Sometimes, clients have internal planning, design and development teams that have done much of this work already, and can provide detailed historical documents, design schematics, white papers, or other informational materials. Often times, however, enterprise systems, like websites or internal applications, tend to develop organically in response to immediate business needs, rather than holistically and deliberately with emphasis on strategic planning, forward-integration and organization-wide use and serviceability. As a result, it's often the case that enterprise systems grow to scales that are unwieldy for small teams, inefficient for large ones, and include tradeoffs made along the way tend to add up.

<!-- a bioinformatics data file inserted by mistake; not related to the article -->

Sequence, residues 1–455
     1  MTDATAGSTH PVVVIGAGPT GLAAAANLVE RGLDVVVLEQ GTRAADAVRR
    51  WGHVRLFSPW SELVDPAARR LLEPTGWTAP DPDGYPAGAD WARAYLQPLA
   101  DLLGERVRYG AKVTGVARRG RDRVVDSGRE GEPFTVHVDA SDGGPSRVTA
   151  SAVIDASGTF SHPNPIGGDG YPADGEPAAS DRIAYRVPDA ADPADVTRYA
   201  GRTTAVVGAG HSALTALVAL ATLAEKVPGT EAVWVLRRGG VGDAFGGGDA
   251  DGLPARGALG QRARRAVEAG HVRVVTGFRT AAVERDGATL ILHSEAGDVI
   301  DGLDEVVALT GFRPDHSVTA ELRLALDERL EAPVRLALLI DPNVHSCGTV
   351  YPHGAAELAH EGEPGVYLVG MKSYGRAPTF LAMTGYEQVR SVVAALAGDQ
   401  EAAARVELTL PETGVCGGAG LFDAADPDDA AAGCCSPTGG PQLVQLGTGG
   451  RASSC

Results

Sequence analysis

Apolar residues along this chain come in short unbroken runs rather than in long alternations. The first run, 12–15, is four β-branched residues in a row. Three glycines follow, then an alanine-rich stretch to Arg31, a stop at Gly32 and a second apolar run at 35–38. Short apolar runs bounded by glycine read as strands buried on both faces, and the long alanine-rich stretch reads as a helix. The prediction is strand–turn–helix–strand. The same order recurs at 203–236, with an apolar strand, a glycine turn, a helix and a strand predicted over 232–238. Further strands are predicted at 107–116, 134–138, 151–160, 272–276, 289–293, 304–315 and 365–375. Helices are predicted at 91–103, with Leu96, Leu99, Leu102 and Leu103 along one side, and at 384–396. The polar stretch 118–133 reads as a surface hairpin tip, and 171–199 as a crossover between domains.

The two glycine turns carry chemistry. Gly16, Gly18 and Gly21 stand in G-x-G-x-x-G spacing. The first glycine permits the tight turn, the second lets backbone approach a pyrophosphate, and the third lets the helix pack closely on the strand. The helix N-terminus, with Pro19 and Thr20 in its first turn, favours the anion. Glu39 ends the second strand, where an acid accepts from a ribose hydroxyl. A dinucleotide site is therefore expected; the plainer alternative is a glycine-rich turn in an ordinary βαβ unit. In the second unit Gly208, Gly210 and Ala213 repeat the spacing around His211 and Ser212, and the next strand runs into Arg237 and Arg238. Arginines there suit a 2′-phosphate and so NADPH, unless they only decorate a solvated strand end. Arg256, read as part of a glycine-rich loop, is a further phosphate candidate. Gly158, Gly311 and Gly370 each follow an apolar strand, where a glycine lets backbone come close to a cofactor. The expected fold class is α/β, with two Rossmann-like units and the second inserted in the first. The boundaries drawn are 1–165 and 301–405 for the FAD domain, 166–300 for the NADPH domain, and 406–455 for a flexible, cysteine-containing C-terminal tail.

For these reasons, we emphasize the discovery phase, and work with clients to deliver a "Needs Assessment," a document that catalogues the client's current technical or project environment and, after taking into account all of the "moving parts," suggests one or more action plans. The Needs Assessment is generated from collaboration and coordination with managers, eventual end-users and other stakeholders, and is an excellent first step to identify and address bottlenecks to get existing projects back on track, or to identify organizational needs and embark on new development goals. A thorough and thoughtfully constructed Needs Assessment is critical to develop an action plan, and vital for saving time and money over the long term.
PHASE 2: PLANNING